The “Real Masters of Sex,” My Many Years Working with Masters and Johnson and the Company Culture That Made It Work
by Dr. Mark Schwartz
The building where Dr. William Masters and Virginia Johnson conducted research into human sexuality in the 70s and 80s looked a lot like a physicians’ office. Privacy and professionalism reigned. Clients worked their way past a conscientious and well organized receptionist, through locked doors, intercoms, and buzzers as they were escorted to their therapy session. Even the name on the door would never belie what went on behind it: Reproductive Biology Research Foundation.
Dr. Masters often said that one must be “beyond reproach”— meaning that those of us who worked with sexuality daily others were at risk of seeming lascivious, so we combatted that by being hyper-professional and “squeaky clean.” Everyone wore a white lab coat and addressed each other by formal name (Dr. Schwartz or Mrs. Bowen) or — oddly — three initials (WHM and VEJ). Nobody inside those doors had sex with one other unless they were married. There was no flirting. The names of couples attending therapy were kept extremely private.
Occasionally the institute conducted research on fertility and the effectiveness of birth control, which required a supply of sperm samples. Paid donors, mostly medical students from Washington University, were warned to be mature and discrete or risk being banned from the program. They disappeared quietly into an otherwise sterile bathroom with a few issues of Playboy and a collection cup.
Couples from all over the world would present daily for the unique and highly effective Masters and Johnson model of therapy. Arabs visited with several wives, movie stars hid behind sunglasses, troubled couples flew in from Israel and South America. We treated husbands and wives in 30-year unconsummated marriages, bisexuals having compulsive affairs in the days of HIV terror, and some garden-variety impotence and anorgasmia — each for two weeks of daily intensive therapy. Their future was in our hands as the therapy team. We worked within the curious paradox that we had to remove the pressures to perform from the relationship, and had only two weeks to accomplish it!
The therapy was powerful and the success rate was high. Traditional psychiatry had considered impotence difficult to treat in longer psychodynamic therapies, but the newly invented Masters and Johnson short-term approach had a high success rate. Traditional therapists were incredulous and skeptical of these rates; many critics emerged. On the positive side, though, many therapists wanted to be trained in the method. So most weekends, we were off training professionals throughout the world. While on the road, Dr. Masters would tell us that if someone in the audience initiated a sexual liaison, “We should feel free to accept. Just don’t return to work on Monday.” This was what he meant by “beyond reproach.”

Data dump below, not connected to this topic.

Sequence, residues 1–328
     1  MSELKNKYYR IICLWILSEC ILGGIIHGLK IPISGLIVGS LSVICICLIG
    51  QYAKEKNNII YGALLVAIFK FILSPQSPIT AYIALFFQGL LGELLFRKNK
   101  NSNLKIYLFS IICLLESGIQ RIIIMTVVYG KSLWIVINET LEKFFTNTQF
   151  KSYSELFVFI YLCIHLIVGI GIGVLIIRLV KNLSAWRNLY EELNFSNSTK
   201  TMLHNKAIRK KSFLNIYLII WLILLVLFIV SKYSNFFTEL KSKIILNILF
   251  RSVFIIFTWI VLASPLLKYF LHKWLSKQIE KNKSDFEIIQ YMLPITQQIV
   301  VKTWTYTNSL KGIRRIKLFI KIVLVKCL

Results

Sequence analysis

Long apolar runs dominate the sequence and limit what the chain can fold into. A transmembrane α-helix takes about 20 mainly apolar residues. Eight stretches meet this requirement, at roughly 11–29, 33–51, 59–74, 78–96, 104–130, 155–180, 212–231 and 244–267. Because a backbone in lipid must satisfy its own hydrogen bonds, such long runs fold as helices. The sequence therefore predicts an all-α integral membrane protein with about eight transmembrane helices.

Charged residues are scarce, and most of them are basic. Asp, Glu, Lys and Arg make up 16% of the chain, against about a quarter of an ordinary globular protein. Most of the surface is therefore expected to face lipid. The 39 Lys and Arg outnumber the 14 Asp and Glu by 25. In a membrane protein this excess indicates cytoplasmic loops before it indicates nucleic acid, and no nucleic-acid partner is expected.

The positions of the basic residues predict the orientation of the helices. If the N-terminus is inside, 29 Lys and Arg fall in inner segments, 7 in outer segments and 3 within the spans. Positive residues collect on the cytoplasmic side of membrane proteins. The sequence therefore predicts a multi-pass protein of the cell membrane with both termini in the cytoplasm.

At first, married professionals were trained to do co-therapy at the institute. This worked well until most of the therapist couples divorced. Working together in intensive therapy and living together was too difficult. It was hard to “practice what one preached” occupying the same space 24 hours a day. Living and working together may have been particularly stressful for Masters and Johnson themselves. The politics and interactions at work were slightly dysfunctional as might be expected with a driven married couple in charge.
Virginia Johnson was creative, insightful, extroverted and good with people. William Masters was like a Tootsie Pop: hard on the outside (as you would expect from a Full Professor of Gynecology at a top, teaching hospital), but soft and sweet on the inside. He had a warm kindness that made him almost childlike with close friends. And he had so much charisma in therapy, that much of what made his style effective could not be duplicated by his students. As we gained experience, we learned to develop our own personally effective styles rather than to try to copy his.
Surprisingly as a couple, Masters and Johnson never seemed to get along very well. Masters had a plaque on his desk that read, “Nothing you say makes any sense to me.” I suspect the message was aimed mainly at his wife. But when the two of them conducted therapy sessions, their electricity, focus, and insight was palpable and unrivaled. They breathed magic into the air and sexual health back into the lives of hundreds of grateful couples. There will never be another research and therapy team like them. They opened our eyes and changed the world.